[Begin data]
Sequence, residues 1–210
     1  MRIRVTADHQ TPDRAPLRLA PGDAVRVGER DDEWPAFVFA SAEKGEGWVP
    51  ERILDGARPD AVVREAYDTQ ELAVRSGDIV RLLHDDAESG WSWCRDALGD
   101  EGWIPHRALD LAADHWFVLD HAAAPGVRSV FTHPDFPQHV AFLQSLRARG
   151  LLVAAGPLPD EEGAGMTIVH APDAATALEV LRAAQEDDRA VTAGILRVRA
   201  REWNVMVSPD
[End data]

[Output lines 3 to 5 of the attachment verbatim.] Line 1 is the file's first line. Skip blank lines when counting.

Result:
    51  ERILDGARPD AVVREAYDTQ ELAVRSGDIV RLLHDDAESG WSWCRDALGD
   101  EGWIPHRALD LAADHWFVLD HAAAPGVRSV FTHPDFPQHV AFLQSLRARG
   151  LLVAAGPLPD EEGAGMTIVH APDAATALEV LRAAQEDDRA VTAGILRVRA